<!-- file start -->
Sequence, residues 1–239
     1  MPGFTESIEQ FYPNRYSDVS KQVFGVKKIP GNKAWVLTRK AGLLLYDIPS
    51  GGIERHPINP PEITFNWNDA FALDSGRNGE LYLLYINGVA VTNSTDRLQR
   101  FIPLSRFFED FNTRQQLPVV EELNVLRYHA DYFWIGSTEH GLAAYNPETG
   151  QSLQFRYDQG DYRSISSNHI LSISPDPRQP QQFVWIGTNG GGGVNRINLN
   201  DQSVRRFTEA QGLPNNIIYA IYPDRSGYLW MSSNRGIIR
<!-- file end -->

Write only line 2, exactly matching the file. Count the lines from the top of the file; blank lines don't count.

     1  MPGFTESIEQ FYPNRYSDVS KQVFGVKKIP GNKAWVLTRK AGLLLYDIPS